For Carter, patience is key when capturing her fragile, snow globe-like forms. “I wish I knew how many I have blown, 10’s of 1,000’s by now as most pop by the time I am able to focus the camera,” she tells My Modern Met via email. However, the excitement in capturing nature’s beauty during the brief moment in time brings her complete satisfaction. She says, “When I am able to successfully capture the photo of nature’s beauty, it brings nothing but pure joy!”
The photographer now has a collection of 80 frozen soap bubble photos, of which no two are the same, making each one a unique work of art. Carter loves to share her images, as she believes they bring “a bit of magical wonder to a world.”
Photographer Hope Carter embraces the freezing winter weather to capture frozen bubbles and their amazing ice crystal formations.
While most bubbles pop within seconds, surprisingly, some sit frozen for minutes at a time.
She now has a collection of 80 frozen bubble photos, of which no two are the same.
My Modern Met granted permission to use photos by Hope Carter.
The post Frozen Bubble Photos Capture the Amazing Beauty of Ice Crystals appeared first on My Modern Met.
Tyrannotaur and dinosorse!
This is my favourite one of these I’ve done! Gift for a friend, a tyrannotaur made from plastic toys. Experimenting with using a mixture of cornstarch and PVA glue to fill in the gaps.
I am the friend and I stubbornly call it a centaursaurus because death of the author and she lives at my house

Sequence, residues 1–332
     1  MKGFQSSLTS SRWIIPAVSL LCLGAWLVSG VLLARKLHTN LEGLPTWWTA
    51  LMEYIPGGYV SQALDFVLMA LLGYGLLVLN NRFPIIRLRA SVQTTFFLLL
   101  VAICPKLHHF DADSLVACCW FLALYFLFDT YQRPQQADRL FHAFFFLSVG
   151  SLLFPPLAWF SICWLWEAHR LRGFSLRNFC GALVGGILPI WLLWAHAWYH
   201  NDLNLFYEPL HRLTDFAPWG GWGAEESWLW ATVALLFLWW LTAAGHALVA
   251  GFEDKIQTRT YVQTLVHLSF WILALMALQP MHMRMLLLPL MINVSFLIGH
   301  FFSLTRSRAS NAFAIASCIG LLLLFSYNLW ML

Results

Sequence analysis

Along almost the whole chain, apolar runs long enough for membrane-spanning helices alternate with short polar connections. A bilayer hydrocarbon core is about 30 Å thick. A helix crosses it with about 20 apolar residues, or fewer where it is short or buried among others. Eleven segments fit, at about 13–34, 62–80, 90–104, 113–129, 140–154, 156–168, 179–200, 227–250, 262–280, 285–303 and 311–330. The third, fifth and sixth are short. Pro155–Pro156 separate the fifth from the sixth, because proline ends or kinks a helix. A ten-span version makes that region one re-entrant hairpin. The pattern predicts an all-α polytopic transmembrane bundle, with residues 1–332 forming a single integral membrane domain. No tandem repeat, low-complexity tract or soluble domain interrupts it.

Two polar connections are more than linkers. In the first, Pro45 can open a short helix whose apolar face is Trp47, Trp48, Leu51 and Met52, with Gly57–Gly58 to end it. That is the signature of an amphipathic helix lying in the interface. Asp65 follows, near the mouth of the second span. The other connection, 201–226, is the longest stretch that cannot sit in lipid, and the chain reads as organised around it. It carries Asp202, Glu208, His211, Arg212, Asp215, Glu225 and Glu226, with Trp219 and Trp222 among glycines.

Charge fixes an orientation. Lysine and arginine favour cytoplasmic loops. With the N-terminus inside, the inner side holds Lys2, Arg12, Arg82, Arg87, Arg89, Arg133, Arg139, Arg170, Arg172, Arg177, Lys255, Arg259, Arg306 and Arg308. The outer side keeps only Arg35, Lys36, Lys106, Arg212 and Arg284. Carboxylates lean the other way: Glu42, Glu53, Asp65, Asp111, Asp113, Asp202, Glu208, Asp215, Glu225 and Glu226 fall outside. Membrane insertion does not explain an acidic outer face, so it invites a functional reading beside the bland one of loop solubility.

so anyway I just turned around to admire my centaursaurus and… something seems different
There are two sides to every coin and sometimes you can’t show the internet both sides bc you need to wait until the friend you gave the first side to has it in their house and then swap the second side with it and see how long it takes them to notice (several days) but here’s the tyrannotaur and the dinosorse together pals for life
Why must we play gods
Quick Prompt: (Warning HUGE Spoilers for Last Jedi) . . . . What if Kylo did defect to the Resistance, after killing Snoke
"hey wanna subjugate a universe of sentients with me? it’ll be romantic."
Then I would have liked that movie so so much less.
I spent the first half groaning into @improbabledragon’s shoulder going “noooooo, I don’t want them to redeem Kyle, noooo, stop it, I hate it.” And then I spent the Kylo/Rey vs. the red-robe-whatevers fight scene going “noooo, ugh, this is such an enjoyable and well-choreographed fight sequence, I like it but what a terrible plotline for it to be in service to.” But THEN Kyle Ben was like “hey wanna subjugate a universe of sentients with me? it’ll be romantic. did you know i’ve had every chance to be a hero and not a bag of scum, but i decided bag of scum was more Me” and I narrowly prevented myself from rising to my feet on the sticky movie theater floor and yodeling with joy.